Perspective – Look Through a Different Lens

By Talisa Ernstmann MA, ACC

I remember when my daughter got her first pair of glasses in the fourth grade. She put them on and said, “Mommy I can see all the leaves on the trees!” The glasses had totally changed the way she saw things. This is the definition of perspective—“the way we see something.”

Metaphorically, we think of perspective as how we view certain life events, situations, or happenings in our lives. And let’s face it, we often seem to view them in a negative way or we get “stuck” in a particular perspective.   Because the brain is known to have negativity bias  (originally designed to keep us from being eaten by a saber tooth tiger), it is always scanning the environment for potential threats. Very few of us have jobs or work in environments that pose on-going physical threats; however, many of us work in environments where we perceive a host of psychological threats. The boss is having a bad day – we better make ourselves scarce! Or the customer is always changing his or her mind, we better do whatever she wants!

Whatever the issue, we choose to adopt a particular perspective such as “this is bad” or “this will never change.” When we find ourselves stuck in a certain perspective, it may be helpful to examine it from several different viewpoints or perspectives.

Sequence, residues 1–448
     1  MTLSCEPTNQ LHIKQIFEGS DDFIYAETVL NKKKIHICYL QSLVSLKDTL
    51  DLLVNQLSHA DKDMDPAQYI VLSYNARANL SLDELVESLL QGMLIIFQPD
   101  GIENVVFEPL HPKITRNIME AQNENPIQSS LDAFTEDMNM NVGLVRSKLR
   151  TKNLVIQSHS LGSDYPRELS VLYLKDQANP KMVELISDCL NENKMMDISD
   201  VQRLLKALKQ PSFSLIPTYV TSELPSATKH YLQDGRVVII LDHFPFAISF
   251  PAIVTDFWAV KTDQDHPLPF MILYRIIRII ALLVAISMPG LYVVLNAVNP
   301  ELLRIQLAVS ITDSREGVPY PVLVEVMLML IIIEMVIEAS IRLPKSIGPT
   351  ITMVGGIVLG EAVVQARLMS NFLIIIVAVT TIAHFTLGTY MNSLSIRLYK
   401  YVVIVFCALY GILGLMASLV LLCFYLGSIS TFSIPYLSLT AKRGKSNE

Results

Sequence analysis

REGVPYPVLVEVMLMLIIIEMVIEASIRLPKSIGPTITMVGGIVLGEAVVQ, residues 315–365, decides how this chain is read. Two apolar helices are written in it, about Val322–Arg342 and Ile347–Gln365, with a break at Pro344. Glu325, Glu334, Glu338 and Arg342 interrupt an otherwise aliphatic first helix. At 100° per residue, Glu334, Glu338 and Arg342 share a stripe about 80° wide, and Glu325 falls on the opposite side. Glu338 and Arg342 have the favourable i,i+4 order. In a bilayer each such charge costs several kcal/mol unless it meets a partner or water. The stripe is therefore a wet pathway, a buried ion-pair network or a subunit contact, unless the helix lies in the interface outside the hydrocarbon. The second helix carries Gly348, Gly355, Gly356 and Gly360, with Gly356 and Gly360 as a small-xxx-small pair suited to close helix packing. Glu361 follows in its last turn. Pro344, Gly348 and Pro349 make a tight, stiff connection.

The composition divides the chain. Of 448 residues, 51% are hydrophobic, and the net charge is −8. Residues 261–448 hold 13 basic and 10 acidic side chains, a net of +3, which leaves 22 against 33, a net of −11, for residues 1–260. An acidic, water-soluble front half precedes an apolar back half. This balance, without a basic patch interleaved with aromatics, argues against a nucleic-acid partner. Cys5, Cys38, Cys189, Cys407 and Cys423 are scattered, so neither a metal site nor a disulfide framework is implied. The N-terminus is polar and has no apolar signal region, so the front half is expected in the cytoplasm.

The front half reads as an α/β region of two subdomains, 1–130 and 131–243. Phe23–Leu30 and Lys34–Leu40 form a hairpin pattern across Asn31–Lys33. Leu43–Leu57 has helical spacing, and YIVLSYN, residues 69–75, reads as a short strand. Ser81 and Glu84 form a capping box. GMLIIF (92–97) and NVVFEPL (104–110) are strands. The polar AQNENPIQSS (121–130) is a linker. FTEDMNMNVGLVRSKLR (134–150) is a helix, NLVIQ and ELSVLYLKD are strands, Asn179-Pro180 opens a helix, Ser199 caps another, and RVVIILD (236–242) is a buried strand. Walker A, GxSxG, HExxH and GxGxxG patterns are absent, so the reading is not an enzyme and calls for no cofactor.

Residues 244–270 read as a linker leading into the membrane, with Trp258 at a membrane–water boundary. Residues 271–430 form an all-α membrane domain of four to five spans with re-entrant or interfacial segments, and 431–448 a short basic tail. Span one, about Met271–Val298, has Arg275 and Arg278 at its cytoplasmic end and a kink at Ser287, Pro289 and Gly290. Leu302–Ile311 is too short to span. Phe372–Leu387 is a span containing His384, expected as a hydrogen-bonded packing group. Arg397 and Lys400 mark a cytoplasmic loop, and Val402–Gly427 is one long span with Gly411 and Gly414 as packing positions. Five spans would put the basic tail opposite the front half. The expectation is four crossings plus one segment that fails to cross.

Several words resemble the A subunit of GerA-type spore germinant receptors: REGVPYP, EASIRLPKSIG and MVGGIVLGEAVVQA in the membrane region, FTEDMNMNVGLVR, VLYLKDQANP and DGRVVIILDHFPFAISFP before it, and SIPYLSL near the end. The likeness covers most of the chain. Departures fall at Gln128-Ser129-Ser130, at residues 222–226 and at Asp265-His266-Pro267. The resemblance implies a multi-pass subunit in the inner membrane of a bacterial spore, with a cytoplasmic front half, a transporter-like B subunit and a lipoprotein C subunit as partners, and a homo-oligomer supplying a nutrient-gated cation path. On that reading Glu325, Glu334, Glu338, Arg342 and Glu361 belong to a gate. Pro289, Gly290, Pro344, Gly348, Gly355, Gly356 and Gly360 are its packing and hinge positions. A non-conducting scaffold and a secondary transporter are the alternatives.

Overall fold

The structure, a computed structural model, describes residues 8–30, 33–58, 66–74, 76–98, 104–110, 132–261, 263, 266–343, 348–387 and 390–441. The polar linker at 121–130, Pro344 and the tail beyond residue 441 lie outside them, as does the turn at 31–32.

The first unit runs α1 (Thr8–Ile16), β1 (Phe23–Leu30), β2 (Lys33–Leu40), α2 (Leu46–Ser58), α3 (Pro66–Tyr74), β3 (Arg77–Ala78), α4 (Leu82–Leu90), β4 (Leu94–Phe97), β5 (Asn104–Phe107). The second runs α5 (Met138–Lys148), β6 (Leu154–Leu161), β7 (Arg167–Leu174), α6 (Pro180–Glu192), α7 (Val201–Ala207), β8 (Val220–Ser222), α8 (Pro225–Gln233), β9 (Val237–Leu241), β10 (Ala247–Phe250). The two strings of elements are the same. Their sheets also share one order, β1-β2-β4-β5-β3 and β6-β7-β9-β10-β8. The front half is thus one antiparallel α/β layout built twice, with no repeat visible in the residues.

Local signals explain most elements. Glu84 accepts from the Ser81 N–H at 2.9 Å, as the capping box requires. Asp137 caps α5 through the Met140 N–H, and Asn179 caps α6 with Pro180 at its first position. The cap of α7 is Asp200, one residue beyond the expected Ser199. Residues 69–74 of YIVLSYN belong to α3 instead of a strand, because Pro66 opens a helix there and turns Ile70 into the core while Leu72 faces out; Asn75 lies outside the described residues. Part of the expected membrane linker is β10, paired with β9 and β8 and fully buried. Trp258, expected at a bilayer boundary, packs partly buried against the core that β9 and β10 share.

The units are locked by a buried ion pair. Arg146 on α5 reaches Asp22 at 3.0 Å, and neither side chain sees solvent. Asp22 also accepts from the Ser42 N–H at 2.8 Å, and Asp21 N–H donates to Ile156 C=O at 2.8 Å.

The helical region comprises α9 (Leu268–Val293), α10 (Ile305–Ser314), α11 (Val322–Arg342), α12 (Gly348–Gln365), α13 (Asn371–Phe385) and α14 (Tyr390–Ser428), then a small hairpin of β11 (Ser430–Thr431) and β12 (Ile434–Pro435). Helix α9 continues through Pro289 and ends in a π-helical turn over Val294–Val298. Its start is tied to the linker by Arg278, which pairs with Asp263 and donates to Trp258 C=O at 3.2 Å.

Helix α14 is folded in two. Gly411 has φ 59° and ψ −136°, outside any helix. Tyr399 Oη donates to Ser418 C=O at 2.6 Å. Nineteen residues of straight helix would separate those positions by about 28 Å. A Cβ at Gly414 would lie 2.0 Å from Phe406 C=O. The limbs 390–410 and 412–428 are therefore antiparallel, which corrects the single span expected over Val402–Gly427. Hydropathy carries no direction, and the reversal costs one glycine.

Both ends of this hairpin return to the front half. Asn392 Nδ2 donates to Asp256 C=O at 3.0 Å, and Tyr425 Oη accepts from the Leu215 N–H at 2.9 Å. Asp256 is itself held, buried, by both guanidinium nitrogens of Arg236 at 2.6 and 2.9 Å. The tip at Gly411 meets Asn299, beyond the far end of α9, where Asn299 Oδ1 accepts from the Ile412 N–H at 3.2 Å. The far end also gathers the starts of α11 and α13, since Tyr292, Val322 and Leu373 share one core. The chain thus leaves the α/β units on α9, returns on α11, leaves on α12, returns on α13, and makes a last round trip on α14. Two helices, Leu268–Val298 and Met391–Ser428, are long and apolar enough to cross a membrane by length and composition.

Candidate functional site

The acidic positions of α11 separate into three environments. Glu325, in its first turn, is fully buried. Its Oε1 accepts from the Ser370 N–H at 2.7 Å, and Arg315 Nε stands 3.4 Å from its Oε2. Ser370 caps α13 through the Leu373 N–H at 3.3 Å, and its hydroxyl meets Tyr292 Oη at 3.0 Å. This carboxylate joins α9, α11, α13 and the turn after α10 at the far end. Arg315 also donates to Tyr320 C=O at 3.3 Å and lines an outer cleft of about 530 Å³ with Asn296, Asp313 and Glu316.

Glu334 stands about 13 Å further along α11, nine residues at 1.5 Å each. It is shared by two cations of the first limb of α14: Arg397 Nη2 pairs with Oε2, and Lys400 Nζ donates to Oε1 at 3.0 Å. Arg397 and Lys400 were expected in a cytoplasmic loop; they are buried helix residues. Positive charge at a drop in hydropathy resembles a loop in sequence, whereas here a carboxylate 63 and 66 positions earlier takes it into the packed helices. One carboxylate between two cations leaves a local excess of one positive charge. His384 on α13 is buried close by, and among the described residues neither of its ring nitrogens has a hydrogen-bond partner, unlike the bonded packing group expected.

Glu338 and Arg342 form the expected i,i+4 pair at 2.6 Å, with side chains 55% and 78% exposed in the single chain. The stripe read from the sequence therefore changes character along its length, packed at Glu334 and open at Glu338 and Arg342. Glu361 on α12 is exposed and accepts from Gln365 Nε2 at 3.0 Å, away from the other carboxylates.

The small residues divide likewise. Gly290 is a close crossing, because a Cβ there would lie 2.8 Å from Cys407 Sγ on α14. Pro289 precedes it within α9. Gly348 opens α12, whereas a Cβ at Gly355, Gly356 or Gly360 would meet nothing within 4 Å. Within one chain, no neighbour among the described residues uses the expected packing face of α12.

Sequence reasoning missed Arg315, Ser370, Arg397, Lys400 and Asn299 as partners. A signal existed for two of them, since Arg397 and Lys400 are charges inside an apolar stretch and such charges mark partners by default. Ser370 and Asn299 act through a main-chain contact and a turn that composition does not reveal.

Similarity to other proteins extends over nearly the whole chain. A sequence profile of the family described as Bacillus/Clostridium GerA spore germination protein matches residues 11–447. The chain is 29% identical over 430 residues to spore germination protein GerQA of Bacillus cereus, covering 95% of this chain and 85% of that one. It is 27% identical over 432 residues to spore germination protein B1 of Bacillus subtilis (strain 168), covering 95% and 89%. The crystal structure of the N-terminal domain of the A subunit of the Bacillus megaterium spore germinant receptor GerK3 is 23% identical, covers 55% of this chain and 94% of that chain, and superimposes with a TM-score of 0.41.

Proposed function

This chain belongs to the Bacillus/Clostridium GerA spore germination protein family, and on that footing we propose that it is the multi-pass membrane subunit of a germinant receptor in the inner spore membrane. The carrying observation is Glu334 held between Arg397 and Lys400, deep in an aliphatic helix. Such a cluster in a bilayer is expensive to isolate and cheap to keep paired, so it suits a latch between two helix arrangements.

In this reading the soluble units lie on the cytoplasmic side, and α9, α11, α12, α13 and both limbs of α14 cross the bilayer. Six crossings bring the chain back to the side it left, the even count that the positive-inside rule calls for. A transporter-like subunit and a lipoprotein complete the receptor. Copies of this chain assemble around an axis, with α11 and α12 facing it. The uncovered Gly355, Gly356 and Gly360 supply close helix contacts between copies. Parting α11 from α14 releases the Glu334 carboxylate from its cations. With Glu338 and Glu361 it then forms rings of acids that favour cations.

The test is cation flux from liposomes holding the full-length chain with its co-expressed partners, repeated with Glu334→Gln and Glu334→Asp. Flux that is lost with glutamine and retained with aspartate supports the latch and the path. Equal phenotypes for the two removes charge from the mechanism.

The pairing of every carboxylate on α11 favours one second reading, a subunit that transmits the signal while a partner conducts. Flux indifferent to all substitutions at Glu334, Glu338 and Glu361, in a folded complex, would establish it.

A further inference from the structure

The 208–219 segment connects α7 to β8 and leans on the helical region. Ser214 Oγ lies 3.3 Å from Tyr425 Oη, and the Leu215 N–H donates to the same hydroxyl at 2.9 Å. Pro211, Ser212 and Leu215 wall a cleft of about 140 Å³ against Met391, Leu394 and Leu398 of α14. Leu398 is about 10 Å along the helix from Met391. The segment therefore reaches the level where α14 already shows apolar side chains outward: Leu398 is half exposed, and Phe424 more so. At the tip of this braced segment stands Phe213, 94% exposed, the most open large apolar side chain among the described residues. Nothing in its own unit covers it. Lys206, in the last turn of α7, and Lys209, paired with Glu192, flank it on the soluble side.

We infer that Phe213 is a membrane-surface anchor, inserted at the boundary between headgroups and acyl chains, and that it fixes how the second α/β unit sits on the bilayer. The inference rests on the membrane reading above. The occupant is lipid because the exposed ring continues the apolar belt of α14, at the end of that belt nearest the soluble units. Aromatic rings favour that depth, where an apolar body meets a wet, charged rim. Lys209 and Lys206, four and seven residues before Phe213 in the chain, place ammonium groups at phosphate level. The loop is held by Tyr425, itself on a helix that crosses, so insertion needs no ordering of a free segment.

Recently I had a client who was stuck in the perspective of “I really screwed this up.” She felt she had gone into a meeting unprepared and let her boss down. We talked about her perspective and named that perspective the “I‘m a failure” perspective. Then we looked at the same situation from various other perspectives and how they may have framed the same situation:

  • The perspective of her 5 year old daughter: “Mommy did an awesome job”
  • The perspective of her favorite cartoon character (Mighty Mouse): “Let’s fix this”
  • The perspective of her boss: “This was a great learning experience”
  • The perspective of her cat: “Who cares”

Once we fully explored some other perspectives (crazy as they were), she decided (key word) to adopt the “learning experience” perspective. This allowed her to let go of her “I’m a failure” perspective and decide to view the situation differently.

Is there a situation where you have adopted a certain perspective and are stuck? How about trying on some different ones and then choose the want you want to live in – the one that might actually serve you better!

For a partner to brainstorm those perspectives with and get some additional tips on shifting from one to the other, have a complimentary consult with Talisa today!